CK: If you give us time in advance, we will always be able to accommodate. Also, if you dine here and want to come back, make a reservation for your next dinner on your way out.

Paccheri with caviar.
Paccheri with caviar.

What do you think is the best seat in the house?

CK: This is gonna sound corny, but I think every seat is good in here. I don’t think there’s one best seat. If I came in here for dinner, I’d be happy sitting anywhere because like I said, the booths are all the same. And we haven’t changed them since 1966. My secret favorite table is a table called L2, lounge two, and it faces the whole restaurant. You can see the bar, you can see all the way down the dining room lane, you can see the front door of who’s walking in, and you have a corner booth, so you have a bit more space. It’s like a four-top that’s a two-top. Rumor has it might have been Frank Sinatra’s favorite table, too.

What is the experience like dining in the bar room compared to the dining room?

CK: I don’t think there’s a different experience because the place is so small and quaint. There’s always a rhythm everywhere. I guess the lounge can be a bit more romantic because it seats smaller groups, two-tops or three-tops, whereas the dining room has bigger booths for four, five, or six people. 

Are guests able to request specific tables?

CK: We try to accommodate anything and everything, to be hospitable always, that’s the first rule of thumb. But we don’t promise or guarantee anything. For instance, a lot of people come in here, and they want to sit at the Sinatra booth, and if we can make it happen, we do, and if we can’t, we don’t, but we will try.

Do you have a lot of regulars from the past iteration of La Dolce Vita?

CK: Definitely, and they all come with stories. ‘I had my first date here. My dad closed a deal on this booth. My grandpa used to bring me here.’ We have many, many, many regulars. A lot of locals, too.

What percentage of the dining room is filled with recurring guests?

CK: I would say more than half.

It’s Friday night at La Dolce Vita. Can you set the scene: what music are you playing, what dish is on every table?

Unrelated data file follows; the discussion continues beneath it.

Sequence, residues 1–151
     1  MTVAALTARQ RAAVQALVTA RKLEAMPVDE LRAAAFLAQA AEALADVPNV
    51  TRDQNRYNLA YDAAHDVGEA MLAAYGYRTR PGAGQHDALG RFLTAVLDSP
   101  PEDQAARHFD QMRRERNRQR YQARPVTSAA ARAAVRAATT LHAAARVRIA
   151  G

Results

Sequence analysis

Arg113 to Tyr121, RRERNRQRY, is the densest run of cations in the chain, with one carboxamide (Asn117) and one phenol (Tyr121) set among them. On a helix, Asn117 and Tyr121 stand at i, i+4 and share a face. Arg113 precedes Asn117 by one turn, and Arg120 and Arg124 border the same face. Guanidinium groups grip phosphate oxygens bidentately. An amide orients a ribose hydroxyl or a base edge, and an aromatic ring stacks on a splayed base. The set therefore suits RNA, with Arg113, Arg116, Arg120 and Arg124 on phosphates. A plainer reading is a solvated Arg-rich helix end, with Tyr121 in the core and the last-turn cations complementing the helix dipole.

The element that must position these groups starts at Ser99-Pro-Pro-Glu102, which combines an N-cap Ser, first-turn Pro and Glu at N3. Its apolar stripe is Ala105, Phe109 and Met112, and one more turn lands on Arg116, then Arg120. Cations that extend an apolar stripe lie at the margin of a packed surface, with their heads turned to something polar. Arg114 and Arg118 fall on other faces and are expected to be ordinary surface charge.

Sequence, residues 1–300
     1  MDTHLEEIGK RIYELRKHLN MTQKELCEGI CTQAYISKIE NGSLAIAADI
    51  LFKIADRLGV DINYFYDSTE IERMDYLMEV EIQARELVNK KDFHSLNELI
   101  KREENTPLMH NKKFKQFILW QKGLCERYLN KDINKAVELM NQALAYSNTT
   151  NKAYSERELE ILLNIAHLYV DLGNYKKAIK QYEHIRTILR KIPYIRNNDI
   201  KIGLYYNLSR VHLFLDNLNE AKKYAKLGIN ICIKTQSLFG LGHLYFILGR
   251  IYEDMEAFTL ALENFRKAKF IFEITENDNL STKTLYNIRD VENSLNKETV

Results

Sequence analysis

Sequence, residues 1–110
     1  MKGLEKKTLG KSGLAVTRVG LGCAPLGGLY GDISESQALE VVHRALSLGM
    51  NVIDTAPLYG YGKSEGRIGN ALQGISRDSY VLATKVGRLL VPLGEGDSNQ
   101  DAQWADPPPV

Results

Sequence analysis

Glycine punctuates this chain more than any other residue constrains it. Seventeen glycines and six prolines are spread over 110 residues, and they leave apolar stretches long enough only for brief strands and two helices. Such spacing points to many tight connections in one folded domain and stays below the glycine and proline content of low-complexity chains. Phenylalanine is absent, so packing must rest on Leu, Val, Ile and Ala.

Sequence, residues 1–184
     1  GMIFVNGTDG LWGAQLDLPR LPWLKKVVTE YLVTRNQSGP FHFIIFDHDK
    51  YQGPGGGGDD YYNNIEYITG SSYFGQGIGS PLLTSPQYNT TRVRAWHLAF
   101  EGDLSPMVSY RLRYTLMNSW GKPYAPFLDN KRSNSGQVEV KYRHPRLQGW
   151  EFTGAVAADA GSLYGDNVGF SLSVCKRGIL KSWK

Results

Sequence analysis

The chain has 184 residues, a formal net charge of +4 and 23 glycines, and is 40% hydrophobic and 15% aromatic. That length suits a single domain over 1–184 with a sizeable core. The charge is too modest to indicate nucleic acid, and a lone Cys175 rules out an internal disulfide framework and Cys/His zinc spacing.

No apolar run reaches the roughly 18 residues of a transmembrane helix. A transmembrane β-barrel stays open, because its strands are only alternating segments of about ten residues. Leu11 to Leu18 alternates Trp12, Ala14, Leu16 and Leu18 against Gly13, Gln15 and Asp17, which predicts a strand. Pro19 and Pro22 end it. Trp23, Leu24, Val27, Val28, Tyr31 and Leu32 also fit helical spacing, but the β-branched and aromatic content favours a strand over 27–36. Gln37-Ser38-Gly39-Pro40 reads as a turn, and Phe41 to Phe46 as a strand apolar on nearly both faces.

CK: So a Friday night in here, you have the beautiful amber lighting, you have a mixture of Copacabana music, and maybe we sprinkle in a little Frank Sinatra “L.A. Is My Lady.” You will see the Caesar cart at full force, making Caesars everywhere, and the homemade focaccia on the tables, maybe some LDV Gibsons, which is our martini with our own pickled vegetables that vary depending on what’s in season. You might see some people you recognize here and there. 

If someone is visiting for the first time, what should they definitely order?

CK: Caesar salad because it’s fun to watch it being made at the table and you get to meet Rubirosa, our big pepper mill. I think the branzino piccata is delicious. And obviously, the primetime winner is a split between the spaghetti and meatballs and the veal Parmesan.

Is there anything else about the La Dolce Vita experience that you think diners should know about?

CK: Something that doesn’t get touched on as much is that we have a very unique wine list and a very talented wine director, Gabriel Perez. He can find a glass of wine to go with anything you order. And then just some helpful advice for everyone who is making early reservations: our valet doesn’t start until 7 p.m. It’s not our choice. Beverly Hills won’t allow us [to start earlier], but we’re trying to find a way to do it. There’s free parking on Santa Monica and Roxbury after 6 p.m, so that’s my tip.

Emily Wilson is a Los Angeles-based food writer from New York. She has contributed to Bon Appétit, Eater, TASTE, The Los Angeles Times, Punch, Atlas Obscura, and more. Follow her on Twitter and Instagram. Follow Resy, too.